Orphanage didn't even help her take board exam

Orphanage didn't even help her take board exam

‘Helping me fill the class 10 form would not have cost much or taken any effort’ 

Garima came to Nirmal Chhaya orphanage when she was 16. She came to stay at the orphanage not because she had no parents but her father subjected her to repeated sexual abuse.

She had been suffering abuse from a very young age. As her mother found it impossible to protect the child, she sent her to an orphanage, expecting better care there.

But life in the orphanage turned out rough as well for Garima. The centre housed twice the number of children it could look after. A bright student, she wanted to study and make a career of her own.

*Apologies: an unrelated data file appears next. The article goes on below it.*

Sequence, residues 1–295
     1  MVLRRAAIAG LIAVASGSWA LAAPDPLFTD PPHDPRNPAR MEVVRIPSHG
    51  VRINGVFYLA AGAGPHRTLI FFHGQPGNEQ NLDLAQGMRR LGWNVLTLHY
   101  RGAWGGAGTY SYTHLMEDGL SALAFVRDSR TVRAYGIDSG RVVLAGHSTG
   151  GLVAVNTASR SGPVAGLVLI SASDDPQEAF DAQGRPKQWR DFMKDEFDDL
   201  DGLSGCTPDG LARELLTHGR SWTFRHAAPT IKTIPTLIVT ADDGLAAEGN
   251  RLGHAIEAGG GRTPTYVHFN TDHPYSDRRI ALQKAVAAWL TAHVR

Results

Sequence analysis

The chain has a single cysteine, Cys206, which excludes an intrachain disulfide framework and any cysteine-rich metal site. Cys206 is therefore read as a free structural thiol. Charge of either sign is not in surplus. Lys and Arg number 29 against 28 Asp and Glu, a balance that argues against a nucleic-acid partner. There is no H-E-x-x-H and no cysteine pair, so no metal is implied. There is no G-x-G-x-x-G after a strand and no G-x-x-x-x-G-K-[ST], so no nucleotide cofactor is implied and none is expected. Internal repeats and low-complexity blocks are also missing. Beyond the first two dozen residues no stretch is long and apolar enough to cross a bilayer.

“She wanted to apply for the class 10 exam, but the orphanage officials didn’t even do that for her. She is still not a class 10 pass,” said advocate Khagesh Jha, who is representing her in court in several cases.

“The attitude of the authorities towards the demands of children is callous, though the demands are simple and easy-to-meet. Helping me fill the application for class 10 boards would not have cost much, and does not take much effort too,” said Garima.

Her ordeal did not end here. When she turned 18, she was asked to move out of the orphanage. But her family shut the doors on her for speaking out against her father and dragging him to court.

Her request to be accommodated at a home for abandoned women fell on deaf ears. This meant another court case for Garima. It has been more than  six months and she has been moving from one place to another for shelter, relying on charity.

“The law, which allowed her to stay at an orphanage two-and-a-half years ago, does not consider her an abandoned person now as she has turned 18,” said Jha.

Garima is working with a legal firm in south Delhi as a helper.

Her lack of education is the biggest impediment in getting a better job and a roof of her own.

The name of the girl has been changed.